My father was a big fan of the waters around Cape Hatteras. And of surf casting.
We sometimes summered near Oregon Inlet or Ocracoke, and once even as far north as Nags Head, but we always seemed to return to Cape Hatteras at least once every two summers.
For a long time, surf casting was the only type of fishing that I ever knew.
I was not particularly fond of it, but it was what we did almost every summer, and in that way that children always assume that whatever their parents do is universal reality, I was always going to be along for the ride.
Often, I was really more like one of the boys with the baggage, as Shakespeare said. I would hang back with the fishing tackle – the rods and reels and lures – trying to amuse myself.
But by the age of 12 that had changed, and mostly because of one incident.
One of the things that I always had found most distressing about fishing was that all adults believed with an almost absolute metaphysical certainty that the fish must appear in coastal waters between the hours of 4 and 6 a.m.
One particularly bleak, wet morning, when my father had been assured that blues were running off the coast near Cape Hatteras, I was dragged from my sleep to lug pounds of fishing equipment to the beach.
Only a few, resolute fishermen were out for that gray dawn.
Besides, it was too wet to sit and play in the sand. Playing with the reel – throwing out the rig just over the first line of breakers and slowly tracking it back – was better than doing nothing.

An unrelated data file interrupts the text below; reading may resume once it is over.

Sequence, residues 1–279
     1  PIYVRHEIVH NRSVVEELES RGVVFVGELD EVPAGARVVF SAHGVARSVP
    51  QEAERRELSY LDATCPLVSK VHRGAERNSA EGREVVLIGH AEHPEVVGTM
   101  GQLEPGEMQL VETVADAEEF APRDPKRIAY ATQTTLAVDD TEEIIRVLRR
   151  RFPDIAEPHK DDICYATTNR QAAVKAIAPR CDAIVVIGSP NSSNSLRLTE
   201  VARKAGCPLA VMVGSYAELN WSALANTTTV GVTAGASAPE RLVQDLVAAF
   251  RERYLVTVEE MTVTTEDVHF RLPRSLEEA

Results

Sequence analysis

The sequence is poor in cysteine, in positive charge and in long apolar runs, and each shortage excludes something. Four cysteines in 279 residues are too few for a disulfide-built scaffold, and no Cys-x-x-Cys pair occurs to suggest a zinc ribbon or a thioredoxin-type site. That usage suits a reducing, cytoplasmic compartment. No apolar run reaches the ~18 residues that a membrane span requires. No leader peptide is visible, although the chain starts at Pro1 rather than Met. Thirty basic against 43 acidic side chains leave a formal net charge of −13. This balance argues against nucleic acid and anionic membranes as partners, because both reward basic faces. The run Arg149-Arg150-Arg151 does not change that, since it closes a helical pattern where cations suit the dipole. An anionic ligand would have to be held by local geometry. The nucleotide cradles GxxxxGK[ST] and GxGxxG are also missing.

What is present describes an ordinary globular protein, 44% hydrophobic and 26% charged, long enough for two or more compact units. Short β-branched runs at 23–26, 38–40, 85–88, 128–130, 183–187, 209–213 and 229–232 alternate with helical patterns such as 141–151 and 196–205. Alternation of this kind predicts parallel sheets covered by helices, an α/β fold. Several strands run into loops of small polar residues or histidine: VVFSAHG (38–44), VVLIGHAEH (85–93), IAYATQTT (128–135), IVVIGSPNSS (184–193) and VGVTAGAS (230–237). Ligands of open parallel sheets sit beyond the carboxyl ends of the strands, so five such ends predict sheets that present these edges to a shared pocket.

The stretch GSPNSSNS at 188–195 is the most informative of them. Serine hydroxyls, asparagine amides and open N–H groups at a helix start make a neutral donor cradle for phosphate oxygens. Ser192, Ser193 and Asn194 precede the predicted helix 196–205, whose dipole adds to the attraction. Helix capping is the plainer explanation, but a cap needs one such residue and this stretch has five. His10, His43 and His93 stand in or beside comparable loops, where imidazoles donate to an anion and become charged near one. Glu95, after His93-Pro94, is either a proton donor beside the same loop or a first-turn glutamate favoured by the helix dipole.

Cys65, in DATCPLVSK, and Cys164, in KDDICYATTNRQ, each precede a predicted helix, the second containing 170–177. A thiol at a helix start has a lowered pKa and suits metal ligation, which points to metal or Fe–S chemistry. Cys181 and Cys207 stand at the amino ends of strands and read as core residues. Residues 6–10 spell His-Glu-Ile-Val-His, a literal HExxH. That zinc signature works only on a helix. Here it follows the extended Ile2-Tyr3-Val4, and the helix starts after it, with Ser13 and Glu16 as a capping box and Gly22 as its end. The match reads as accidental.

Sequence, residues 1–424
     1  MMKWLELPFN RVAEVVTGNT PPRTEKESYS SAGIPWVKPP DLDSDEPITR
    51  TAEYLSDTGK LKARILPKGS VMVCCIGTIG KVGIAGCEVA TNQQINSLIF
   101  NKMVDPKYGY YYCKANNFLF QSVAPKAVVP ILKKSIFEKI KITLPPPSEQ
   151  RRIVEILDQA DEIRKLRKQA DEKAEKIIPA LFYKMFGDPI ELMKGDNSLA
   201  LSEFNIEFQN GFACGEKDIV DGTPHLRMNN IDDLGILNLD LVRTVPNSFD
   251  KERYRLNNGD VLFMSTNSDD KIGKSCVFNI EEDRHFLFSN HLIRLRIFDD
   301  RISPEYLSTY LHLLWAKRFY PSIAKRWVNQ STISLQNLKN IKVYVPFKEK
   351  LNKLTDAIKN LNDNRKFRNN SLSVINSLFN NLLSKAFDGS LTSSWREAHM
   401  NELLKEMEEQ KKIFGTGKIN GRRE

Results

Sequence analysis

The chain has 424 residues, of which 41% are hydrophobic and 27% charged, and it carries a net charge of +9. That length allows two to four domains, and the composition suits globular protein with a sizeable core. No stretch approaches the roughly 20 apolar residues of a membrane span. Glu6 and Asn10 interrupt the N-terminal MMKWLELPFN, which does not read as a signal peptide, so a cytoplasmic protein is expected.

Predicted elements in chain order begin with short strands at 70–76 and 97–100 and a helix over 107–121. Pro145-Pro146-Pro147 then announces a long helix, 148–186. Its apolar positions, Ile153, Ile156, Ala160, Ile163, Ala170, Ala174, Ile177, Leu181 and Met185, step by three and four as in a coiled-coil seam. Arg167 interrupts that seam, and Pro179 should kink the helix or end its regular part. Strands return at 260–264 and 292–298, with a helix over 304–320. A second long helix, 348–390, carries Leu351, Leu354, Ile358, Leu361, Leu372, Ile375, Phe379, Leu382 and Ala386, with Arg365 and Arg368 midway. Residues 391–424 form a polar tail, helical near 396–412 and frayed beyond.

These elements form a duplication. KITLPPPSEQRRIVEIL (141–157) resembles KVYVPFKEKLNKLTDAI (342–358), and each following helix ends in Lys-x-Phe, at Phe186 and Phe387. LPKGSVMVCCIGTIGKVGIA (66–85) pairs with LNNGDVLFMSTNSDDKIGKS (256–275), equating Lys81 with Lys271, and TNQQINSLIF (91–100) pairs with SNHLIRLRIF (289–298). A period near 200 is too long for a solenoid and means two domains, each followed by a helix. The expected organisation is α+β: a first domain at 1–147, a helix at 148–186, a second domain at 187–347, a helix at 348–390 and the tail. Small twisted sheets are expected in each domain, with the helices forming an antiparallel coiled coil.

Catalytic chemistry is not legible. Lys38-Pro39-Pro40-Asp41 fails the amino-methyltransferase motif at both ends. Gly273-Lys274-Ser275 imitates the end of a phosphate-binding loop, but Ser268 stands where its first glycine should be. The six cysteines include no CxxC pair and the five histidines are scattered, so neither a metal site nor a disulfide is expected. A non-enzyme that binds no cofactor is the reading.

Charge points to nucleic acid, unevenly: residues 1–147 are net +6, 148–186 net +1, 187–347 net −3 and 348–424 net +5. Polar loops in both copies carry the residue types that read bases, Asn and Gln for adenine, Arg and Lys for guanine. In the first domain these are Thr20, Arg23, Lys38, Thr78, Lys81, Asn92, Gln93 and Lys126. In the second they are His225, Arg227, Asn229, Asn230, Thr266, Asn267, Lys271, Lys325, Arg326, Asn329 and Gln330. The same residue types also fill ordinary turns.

There was plenty of room for me to set the hook with shrimp and then cast away.
To this day, decades later, I can remember the feel of the line over my index finger, feeling the gentle pulse of the surf in the taut nylon. That was the way my father had taught me to know when a fish was on the line; the pull on the line from a fish was ever so slightly different from the rhythm of the surf.
And eventually, there along the crook of my finger, I felt a gentle tug.
I jerked the line back, the way I had been taught to set the hook, and began to reel in the line quickly, never letting it get slack, lest the fish wriggle loose.
When I had drawn in the line enough, I could see a sparkling bluefish splashing in the shallow water.
“At least somebody caught something,” one of the men near my father said.
Apparently they weren’t biting that day.
But within an hour I had caught two more bluefish.
Later, on the return to our campsite, which for some reason seemed much shorter on the way back than it did on the way to the beach, we periodically would meet men on their way to the shoreline who would ask in passing, “How d’ya do?”
“Nothing,” my father would respond.
And I would hold up my three bluefish.
I don’t remember us cooking them, and I don’t remember even if we ate them. But I would pay $1,000 to be able to taste them now.
They would taste like victory.
As you read this, I will be at the beach on vacation. I will think every day about fishing, but I won’t go. I will be content to sit on the deck, watching the waves roll in and out, with an occasional shrimping boat slowly working its way up and down the coast.
My two sons are not that interested in surf casting, and at my age I don’t feel much like teaching them.
Both of them are right at the cusp of young manhood. Both are very successful at whatever sports they try.
If we were to go surf casting these days, I know who would come back with the fish. I see no reason to ruin my win streak.